The National Transportation Safety Board (NTSB) published its findings yesterday regarding a fire on the Caribbean Fantasy cruise ferry, operated by Baja Ferries, near Puerto Rico in August of 2016. You can read the NTSB’s summary, proable cause findings, and recommendations regarding the fire here.
We reported on the fire at the time in our article Caribbean Fantasy Catches on Fire (with video).
The ferry was carrying 387 passengers and 124 crew members as well as cargo, trailers, shipping containers, trucks and cars.
The NTSB investigators found that the fire started when a pipe leaked fuel onto an engine’s exhaust manifold. The fire spread because fuel valves were bolted open. The fire quickly spread and overwhelmed the fire-suppression system (carbon-dioxide suppression and water-misting equipment) and then burned into the vehicle and cargo areas where cars burned and explosions occurred.
After an hour, the master ordered an evacuation which took 3 hours and 43 minutes, rather than the 30 as required under the international maritime standards.
The ferry had just three life boats which could not accommodate all of the passengers and crew, The remainder of those aboard had to slide down emergency chutes positioned above life-rafts (we have discussed these dangerous devices in prior articles like this and this). Five passengers were serioudly injured due to the steep descent into the life-rafts.
Investigators found that crew members had not been trained in removing pins to deploy the lifeboats. The crew was unable to release on of the lifeboats causing two passengers to fall into the water as other passengers panicked.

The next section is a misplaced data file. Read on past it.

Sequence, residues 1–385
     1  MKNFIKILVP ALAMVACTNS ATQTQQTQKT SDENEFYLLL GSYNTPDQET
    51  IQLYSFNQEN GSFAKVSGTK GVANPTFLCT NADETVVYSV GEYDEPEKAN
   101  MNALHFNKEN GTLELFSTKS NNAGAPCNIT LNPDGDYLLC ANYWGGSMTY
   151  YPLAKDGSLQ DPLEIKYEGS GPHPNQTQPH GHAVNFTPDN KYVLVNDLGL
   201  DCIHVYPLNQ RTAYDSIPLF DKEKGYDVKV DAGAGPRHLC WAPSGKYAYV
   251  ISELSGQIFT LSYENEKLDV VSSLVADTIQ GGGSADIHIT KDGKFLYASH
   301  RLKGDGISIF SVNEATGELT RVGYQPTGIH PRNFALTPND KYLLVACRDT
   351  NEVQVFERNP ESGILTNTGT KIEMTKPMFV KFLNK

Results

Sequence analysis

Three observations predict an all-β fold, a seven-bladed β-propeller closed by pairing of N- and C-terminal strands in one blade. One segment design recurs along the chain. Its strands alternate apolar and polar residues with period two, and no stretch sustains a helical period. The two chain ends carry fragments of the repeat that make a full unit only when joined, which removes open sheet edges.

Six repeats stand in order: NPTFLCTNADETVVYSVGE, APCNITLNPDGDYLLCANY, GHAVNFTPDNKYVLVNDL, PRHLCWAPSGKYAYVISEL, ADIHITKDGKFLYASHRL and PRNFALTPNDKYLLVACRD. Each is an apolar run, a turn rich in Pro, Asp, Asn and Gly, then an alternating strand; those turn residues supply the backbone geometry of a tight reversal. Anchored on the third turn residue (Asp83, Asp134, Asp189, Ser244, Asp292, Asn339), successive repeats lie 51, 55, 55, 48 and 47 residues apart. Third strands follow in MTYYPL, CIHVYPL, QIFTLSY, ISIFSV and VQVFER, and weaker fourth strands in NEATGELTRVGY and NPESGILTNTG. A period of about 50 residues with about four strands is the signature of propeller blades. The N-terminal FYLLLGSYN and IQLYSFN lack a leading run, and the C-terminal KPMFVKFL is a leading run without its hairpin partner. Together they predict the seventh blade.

A NTSB investigator stated that if the accident had happened farther from port, in rougher seas or at night, “the result could have been catastrophic,” according to USA Today.
As we reported back in 2016, between 2011 and 2015, the U.S. Coast Guard found at least 107 security deficiencies, of which 44 were related to the fire system used by the Caribbean Fantasy. The ferry reportedly had been detained three times in 2014, 2015 and 2016 because of failed inspections.
Photographs of the fire, fire-fighting efforts and evacuation can be viewed on our Facebook page.
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Photo credit: @pjpedrojuan/Twitter via ABC News, credit to the Defense Video Imagery Distribution System (Petty Officer 2nd Class Jonathan Lally).